The partisans of Choiseul, who had been disgraced four years before, remain hopeful on this point.  They fear that they will be reproached with the sovereign’s eventual death if they insist on the administration of the Last Rites, which could strongly shock the patient’s mind.


Louis XV.

The hostilities had begun in a muffled way as early as 29 April, even before the eruption of the redness which will reveal the nature of the illness.  It then concerned the imposing of a third blood-letting on the patient.  Now everyone knows that the King considers, according to the witness report of the Duke de Croy,

“that one must not go to the third blood-letting unless one has christianly prepared oneself for death”.

So, prodded by the Duke d’Aiguillon’s Party, the doctors, Bordeu, Lorry and Lemonnier, renounce performing the third blood-letting.  When the illness declares itself, the debate gets nasty – the Duke de Croy, the most reliable witness to the events, gives this account of it:

“Some were saying that it would be appalling, through prejudice, to kill him on purpose by frightening him;  others that it would be appalling to risk leaving him to die without sacraments, which would be without precedent since Clovis.”

The doctors fearing that the slightest fright could “make the poison turn inward” and finish off the patient, it is decided not to inform him of his state, with the agreement of his three daughters.

Disappointed, Choiseul’s partisans think for an instant that they are going to reverse the situation for their own benefit when the arrival at Versailles of the Archbishop of Paris is announced.  No-one doubts that he is coming to the Palace to hear the royal patient’s Confession.  With his habitual gruffness, Christophe de Beaumont is readying himself to bluntly reveal to the sovereign the gravity of his illness and demand the immediate departure of Mme du Barry.  Her partisans play their last card by mobilising  Madame Adelaide, the King’s eldest daughter, thanks to Madame de Narbonne, her governess.  Mme Adelaide begs the Prelate to say nothing about the smallpox and the Last Rites, for the motive that such words would be fatal to the patient.  On Sunday 1 May, the Archbishop comes to celebrate Mass in the royal bedchamber but retires without having had a private conversation with the patient.  Followed by his chamber-pot – for he is afflicted with very painful nephritic colics – he goes to Mme Adelaide who exhorts him to discretion so as to avoid making “the poison turn inward” in her father’s body.  Convinced, the Prelate is then buttonholed by the Duke de Richelieu who also dissuades him from evoking the Last Rites during his next interview with Louis XV.  This interview will last only a few minutes and it is mainly the King who enquires about his visitor’s health.  An attitude that is surprising at the very least, and which makes several witnesses indignant.  The Duke de Croy reports that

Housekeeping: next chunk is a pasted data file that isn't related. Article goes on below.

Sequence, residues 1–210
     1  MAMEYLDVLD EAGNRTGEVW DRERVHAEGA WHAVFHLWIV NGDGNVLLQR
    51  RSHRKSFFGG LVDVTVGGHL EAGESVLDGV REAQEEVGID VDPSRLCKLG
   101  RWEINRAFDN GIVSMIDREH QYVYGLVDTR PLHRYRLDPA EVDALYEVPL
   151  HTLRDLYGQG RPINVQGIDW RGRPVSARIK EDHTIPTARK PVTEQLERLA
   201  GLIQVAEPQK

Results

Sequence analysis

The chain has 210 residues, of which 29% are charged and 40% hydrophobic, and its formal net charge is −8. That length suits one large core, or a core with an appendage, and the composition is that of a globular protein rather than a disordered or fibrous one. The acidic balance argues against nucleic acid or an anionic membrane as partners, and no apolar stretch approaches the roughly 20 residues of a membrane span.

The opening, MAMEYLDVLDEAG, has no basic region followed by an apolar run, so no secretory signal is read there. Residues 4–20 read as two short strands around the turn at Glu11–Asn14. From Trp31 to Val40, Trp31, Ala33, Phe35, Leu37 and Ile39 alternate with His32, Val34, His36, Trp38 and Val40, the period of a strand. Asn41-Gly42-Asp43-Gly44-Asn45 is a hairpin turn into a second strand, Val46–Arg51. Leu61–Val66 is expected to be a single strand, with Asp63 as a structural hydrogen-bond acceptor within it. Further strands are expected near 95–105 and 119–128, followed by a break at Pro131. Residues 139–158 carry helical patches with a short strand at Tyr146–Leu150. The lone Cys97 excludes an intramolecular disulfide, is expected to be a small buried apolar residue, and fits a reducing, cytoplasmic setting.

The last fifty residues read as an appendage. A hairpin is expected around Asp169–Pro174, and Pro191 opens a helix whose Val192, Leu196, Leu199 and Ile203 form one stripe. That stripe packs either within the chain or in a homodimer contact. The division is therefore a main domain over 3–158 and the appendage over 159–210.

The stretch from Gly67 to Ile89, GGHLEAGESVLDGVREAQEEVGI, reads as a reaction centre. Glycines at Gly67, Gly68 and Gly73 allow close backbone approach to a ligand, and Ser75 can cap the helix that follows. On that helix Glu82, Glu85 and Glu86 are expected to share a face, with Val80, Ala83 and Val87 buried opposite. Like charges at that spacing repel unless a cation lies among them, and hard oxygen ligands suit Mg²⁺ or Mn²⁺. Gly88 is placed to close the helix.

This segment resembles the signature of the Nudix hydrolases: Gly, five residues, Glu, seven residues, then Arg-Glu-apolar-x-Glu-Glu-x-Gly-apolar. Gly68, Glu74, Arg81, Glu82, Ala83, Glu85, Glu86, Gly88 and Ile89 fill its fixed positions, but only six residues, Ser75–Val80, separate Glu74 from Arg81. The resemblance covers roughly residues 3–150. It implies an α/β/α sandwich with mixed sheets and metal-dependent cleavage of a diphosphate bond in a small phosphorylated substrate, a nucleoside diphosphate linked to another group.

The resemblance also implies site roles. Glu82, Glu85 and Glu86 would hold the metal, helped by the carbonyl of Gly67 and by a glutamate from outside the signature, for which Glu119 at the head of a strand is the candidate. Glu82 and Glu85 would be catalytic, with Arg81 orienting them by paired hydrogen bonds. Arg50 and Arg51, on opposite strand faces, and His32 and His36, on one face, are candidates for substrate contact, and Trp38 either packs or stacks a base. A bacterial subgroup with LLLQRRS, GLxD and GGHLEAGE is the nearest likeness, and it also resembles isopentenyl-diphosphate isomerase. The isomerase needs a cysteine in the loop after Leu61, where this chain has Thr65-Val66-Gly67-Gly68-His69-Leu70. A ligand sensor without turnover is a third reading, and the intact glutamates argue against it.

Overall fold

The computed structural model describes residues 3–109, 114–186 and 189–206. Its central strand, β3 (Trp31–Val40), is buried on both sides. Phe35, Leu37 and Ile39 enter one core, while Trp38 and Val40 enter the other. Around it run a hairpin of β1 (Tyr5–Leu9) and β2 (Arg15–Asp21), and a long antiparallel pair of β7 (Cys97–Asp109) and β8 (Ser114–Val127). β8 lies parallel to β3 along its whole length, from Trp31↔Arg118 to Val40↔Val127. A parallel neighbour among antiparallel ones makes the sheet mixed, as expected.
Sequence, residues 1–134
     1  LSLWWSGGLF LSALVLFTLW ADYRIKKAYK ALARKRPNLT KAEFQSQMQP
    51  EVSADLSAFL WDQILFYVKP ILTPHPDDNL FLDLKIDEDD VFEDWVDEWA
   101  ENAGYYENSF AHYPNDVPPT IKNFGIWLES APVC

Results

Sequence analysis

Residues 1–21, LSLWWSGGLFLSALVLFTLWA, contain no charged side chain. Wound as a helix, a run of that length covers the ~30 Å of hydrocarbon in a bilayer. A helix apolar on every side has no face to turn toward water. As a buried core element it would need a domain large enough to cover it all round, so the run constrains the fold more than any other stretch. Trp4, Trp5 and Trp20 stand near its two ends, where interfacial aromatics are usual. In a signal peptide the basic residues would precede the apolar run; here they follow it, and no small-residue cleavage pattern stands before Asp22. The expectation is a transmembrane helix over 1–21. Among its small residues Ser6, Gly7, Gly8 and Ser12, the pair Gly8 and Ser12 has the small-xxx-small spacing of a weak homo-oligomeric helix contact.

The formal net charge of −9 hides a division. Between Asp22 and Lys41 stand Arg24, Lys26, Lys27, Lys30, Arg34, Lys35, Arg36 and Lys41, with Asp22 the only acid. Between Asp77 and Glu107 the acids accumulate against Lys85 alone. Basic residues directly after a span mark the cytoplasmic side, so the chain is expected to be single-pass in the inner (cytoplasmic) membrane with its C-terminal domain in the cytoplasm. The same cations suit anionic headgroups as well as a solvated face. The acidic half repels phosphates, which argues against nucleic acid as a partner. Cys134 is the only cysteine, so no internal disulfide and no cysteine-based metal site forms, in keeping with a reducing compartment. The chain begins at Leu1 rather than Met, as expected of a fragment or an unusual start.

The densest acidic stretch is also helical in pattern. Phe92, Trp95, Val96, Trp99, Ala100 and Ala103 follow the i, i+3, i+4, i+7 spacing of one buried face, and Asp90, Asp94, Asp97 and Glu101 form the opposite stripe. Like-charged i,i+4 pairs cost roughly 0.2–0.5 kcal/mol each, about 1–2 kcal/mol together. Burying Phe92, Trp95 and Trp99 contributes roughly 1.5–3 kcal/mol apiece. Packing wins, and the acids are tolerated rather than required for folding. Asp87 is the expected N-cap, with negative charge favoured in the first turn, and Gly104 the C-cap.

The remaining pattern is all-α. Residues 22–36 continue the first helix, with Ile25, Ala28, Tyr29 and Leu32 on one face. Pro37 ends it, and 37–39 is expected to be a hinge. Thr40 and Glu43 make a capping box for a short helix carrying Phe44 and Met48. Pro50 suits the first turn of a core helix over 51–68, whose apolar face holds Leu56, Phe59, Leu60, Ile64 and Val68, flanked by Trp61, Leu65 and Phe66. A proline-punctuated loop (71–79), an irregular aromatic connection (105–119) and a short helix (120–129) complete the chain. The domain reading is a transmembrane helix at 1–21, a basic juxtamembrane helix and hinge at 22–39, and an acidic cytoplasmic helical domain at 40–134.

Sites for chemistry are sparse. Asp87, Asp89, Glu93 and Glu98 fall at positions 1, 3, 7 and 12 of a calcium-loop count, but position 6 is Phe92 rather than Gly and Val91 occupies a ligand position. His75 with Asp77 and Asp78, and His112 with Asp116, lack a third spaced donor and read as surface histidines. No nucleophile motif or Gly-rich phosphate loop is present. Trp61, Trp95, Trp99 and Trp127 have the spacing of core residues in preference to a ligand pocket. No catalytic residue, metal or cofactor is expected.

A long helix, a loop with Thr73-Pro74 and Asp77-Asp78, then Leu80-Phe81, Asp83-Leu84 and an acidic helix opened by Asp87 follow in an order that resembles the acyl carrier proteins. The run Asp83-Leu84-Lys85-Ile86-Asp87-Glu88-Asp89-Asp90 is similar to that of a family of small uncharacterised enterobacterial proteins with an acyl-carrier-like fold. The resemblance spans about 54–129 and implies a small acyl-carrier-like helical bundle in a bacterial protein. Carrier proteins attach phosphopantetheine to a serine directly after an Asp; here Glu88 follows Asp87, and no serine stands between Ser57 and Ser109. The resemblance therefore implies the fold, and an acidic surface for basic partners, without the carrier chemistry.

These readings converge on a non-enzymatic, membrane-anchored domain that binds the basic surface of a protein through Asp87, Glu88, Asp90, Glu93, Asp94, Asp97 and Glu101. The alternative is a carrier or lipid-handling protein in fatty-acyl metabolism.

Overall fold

“the Archbishop de Paris, dying of gravel, came this day, saw the King, that it was great question of the Archbishop’s malady, and then that’s all;  and, extraordinary thing, that the Archbishop returned to Paris”.

Jacob Nicolas Moreau is no less indignant:

“Instead of sending away all these base courtiers and doing his job, the Archbishop contented himself with answering the questions that the King asked him about the Archbishop’s own health;  His Majesty talked to him about his nephritis, had his pulse taken by his doctors, and the poor Prelate left…”

The Archbishop of Paris’ strange attitude has a reason.  The Prelate, it is true, detests Louis XV, even though it is the King who had him named Archbishop of Paris in 1745;  but it is also the King who decided the expulsion of the Jesuits.  As well as that, he knows that Louis XV risks dying in a state of mortal sin.  However, he is not in a hurry to send him a priest.  Why?  Because he fears that the banishment of the favourite might result in the return of Choiseul, his sworn enemy.

To be continued.